Tag Archives: protest

European austerity protests: country-by-country links

Protests against the austerity budget cuts broke out all over Europe today (and all week).  Most of the coverage focuses on the massive 100,000 person demonstration in Brussels at the European Union’s headquarters, but there were also in various actions in other countries, such as a general strike in Spain, railway workers and doctors refusing to work in Greece, and customs officers and journalists walking off in Slovenia.

Below are links to news from each of those uprisings.  Analysis of the uprisings to come in the next couple of days and this page will be updated as more stories come in.

BRUSSELS
People Power In Brussels
Austerity protests: The view from the street

SPAIN
General strike in Spain to protest against austerity measures. Across Spain picketers took to the streets to protest against government austerity measures in a 24-hour general strike called by the nation’s main labour unions.

Austerity on Fire: Video of street battles in Spain as protests heat up

ROMANIA
Thousands in new protest against Romanian austerity plan: third protest in a week
Romanian Govt In Uproar Amid Austerity Protests

GREECE
Greek railway workers, doctors walk off the job over austerity cuts

IRELAND
Unions stage protests in Dublin and Galway over cuts

SLOVENIA
Thousands of Slovenian public workers strike to protest planned freeze of their wages

PORTUGAL
Portugal prepares more austerity, talks resume amid protests

share save 256 24 European austerity protests: country by country links

Tens of Thousands March in Brussels Over Austerity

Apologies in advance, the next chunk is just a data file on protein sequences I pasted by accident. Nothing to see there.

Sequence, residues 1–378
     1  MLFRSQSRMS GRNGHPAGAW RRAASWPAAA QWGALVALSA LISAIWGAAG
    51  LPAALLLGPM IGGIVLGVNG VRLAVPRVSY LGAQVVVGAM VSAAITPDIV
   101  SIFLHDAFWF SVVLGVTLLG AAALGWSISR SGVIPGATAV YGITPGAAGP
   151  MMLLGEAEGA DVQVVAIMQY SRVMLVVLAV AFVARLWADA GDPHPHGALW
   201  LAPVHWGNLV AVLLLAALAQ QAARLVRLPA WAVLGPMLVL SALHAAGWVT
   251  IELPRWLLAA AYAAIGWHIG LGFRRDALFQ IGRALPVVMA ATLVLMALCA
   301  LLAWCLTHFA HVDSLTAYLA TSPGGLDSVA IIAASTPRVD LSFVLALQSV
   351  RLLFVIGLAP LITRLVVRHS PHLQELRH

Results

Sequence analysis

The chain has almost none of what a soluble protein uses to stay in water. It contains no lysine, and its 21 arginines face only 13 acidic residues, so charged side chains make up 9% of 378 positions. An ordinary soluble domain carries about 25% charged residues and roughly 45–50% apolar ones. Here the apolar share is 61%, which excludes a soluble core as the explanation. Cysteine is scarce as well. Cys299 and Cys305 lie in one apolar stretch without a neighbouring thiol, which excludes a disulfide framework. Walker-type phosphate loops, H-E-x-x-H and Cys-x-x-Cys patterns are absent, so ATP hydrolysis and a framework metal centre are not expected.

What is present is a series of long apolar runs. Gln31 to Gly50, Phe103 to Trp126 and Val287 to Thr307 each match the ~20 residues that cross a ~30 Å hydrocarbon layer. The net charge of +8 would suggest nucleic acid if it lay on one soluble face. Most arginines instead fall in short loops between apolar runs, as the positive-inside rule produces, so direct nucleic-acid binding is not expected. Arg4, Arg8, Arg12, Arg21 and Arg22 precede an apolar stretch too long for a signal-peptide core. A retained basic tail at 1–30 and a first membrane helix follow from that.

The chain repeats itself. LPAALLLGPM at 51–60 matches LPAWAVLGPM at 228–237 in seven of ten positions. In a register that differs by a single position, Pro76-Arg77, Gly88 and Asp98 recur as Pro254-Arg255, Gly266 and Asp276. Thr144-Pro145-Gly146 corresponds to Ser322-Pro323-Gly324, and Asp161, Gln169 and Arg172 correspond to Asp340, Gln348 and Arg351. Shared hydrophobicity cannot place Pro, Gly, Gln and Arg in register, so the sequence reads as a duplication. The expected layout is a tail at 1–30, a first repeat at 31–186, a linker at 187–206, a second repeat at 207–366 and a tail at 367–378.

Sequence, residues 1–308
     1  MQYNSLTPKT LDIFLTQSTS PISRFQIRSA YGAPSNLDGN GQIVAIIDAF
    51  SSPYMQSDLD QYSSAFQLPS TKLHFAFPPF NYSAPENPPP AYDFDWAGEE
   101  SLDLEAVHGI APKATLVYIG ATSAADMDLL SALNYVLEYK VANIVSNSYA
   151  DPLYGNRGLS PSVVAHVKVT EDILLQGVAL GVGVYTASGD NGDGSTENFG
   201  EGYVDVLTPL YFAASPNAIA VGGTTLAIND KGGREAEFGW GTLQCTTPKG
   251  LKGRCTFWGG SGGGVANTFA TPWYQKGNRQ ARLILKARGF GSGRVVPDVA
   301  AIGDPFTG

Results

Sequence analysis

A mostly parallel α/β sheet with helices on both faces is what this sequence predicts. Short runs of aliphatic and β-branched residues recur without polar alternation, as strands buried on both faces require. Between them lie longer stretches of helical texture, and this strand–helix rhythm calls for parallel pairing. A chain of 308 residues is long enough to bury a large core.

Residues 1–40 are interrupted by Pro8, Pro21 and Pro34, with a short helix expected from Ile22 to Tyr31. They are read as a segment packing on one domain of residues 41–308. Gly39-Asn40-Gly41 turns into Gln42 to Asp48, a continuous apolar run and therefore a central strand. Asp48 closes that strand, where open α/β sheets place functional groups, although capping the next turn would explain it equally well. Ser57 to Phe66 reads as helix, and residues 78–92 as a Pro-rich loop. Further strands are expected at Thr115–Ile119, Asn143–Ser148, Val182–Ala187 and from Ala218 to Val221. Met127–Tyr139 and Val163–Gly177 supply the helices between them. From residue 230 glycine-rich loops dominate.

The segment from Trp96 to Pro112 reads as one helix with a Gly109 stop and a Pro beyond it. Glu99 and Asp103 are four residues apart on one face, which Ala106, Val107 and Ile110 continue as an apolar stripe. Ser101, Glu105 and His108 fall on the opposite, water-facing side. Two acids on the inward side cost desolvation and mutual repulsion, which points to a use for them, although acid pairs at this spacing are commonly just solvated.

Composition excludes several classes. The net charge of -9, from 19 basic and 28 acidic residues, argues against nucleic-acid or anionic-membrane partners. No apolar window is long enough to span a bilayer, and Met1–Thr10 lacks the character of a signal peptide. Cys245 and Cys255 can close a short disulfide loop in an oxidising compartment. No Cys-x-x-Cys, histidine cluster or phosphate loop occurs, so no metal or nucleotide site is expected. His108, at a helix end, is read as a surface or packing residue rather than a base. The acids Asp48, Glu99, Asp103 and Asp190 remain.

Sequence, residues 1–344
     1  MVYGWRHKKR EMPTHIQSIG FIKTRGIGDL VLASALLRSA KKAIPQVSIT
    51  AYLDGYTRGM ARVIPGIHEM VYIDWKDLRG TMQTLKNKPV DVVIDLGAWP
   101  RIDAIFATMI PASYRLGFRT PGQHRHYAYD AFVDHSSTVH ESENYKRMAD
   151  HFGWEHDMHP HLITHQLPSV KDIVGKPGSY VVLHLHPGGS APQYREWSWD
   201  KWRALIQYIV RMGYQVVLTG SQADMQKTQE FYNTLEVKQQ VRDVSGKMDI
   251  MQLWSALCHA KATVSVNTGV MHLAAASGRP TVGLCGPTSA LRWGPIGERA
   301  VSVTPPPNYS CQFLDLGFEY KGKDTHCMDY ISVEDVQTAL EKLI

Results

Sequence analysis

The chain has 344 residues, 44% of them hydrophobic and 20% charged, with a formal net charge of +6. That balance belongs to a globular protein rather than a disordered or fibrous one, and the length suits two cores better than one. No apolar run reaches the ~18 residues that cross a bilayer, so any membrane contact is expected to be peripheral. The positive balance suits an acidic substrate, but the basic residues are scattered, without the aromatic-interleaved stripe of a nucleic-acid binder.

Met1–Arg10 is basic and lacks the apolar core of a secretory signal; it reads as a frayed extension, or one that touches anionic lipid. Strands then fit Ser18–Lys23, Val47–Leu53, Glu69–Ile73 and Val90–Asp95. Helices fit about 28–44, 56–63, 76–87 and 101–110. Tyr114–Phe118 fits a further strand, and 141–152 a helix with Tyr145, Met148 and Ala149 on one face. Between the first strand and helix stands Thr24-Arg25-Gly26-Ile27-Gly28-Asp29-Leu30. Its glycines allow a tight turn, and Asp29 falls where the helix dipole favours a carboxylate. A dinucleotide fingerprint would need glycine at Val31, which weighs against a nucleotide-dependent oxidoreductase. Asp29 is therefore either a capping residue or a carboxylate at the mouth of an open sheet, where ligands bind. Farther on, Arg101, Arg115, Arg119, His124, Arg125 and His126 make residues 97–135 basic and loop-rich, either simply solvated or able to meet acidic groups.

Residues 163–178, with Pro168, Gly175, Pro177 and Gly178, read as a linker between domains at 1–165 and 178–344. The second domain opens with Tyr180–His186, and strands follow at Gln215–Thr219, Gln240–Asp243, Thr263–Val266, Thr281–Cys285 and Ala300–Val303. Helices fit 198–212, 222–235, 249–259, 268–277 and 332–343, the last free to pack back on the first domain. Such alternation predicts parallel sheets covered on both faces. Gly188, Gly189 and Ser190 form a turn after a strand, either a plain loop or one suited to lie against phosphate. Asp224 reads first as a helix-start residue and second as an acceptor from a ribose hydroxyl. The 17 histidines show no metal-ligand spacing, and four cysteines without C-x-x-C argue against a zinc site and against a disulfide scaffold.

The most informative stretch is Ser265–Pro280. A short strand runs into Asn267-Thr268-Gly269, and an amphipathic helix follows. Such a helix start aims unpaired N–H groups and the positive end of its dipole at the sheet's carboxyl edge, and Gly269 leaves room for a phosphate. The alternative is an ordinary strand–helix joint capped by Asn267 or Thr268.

by David Brunnstrom Reuters

Tens of thousands of people marched through Brussels on Wednesday on a day of protests across Europe against government austerity measures, which unions say will slow economic recovery and punish the poor. (Editors note: many are reporting over 100,000)

“The main feeling of the people is that for the banking system there are millions and billions of euros, but the social payments are being cut. That’s not right,” said Ralf Kutkowski, a German coal miner protesting in the Belgian capital.

Marchers in Brussels, heading for the EU’s headquarters, waved union flags and carried banners saying “No to austerity” and “Priority to jobs and growth.” The 50 unions represented included German coal miners, Romanian gas workers and Polish shipbuilders.

The protest was led by a group dressed in black suits with black face masks, carrying umbrellas and briefcases, acting as the head of a funeral cortege mourning the death of Europe.

The protest organizers, the European Trade Union Confederation, were aiming to get 100,000 people to march. Belgian police and the unions did not immediately estimate crowd numbers but one police official told Reuters at least 50,000 people were taking part.

Spain’s first general strike for eight years, a protest against the Socialist government’s public spending cuts and easier hire-and-fire laws, had a limited impact beyond disrupting transport and some factories.

Spanish unions said 10 million people, or more than half the workforce, were on strike. The government gave no numbers.

European governments say they have been forced into austerity to avert the danger of a sovereign debt crisis like the one suffered by Greece, but many workers feel they are being punished for problems that were not of their making.